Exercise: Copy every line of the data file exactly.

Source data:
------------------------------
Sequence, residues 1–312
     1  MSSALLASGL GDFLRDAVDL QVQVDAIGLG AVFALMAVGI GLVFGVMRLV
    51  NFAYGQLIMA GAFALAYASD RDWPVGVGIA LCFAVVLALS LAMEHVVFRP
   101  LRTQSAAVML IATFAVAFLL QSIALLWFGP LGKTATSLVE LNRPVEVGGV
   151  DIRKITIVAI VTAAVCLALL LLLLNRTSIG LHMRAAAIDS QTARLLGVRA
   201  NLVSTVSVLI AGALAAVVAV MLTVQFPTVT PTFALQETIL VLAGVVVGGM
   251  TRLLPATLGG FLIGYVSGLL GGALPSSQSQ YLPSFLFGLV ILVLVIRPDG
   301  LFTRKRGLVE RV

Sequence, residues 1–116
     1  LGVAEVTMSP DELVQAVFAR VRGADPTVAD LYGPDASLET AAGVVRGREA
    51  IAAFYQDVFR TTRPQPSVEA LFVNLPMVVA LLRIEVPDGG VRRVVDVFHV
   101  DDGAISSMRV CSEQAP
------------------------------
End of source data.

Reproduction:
Sequence, residues 1–312
     1  MSSALLASGL GDFLRDAVDL QVQVDAIGLG AVFALMAVGI GLVFGVMRLV
    51  NFAYGQLIMA GAFALAYASD RDWPVGVGIA LCFAVVLALS LAMEHVVFRP
   101  LRTQSAAVML IATFAVAFLL QSIALLWFGP LGKTATSLVE LNRPVEVGGV
   151  DIRKITIVAI VTAAVCLALL LLLLNRTSIG LHMRAAAIDS QTARLLGVRA
   201  NLVSTVSVLI AGALAAVVAV MLTVQFPTVT PTFALQETIL VLAGVVVGGM
   251  TRLLPATLGG FLIGYVSGLL GGALPSSQSQ YLPSFLFGLV ILVLVIRPDG
   301  LFTRKRGLVE RV

Sequence, residues 1–116
     1  LGVAEVTMSP DELVQAVFAR VRGADPTVAD LYGPDASLET AAGVVRGREA
    51  IAAFYQDVFR TTRPQPSVEA LFVNLPMVVA LLRIEVPDGG VRRVVDVFHV
   101  DDGAISSMRV CSEQAP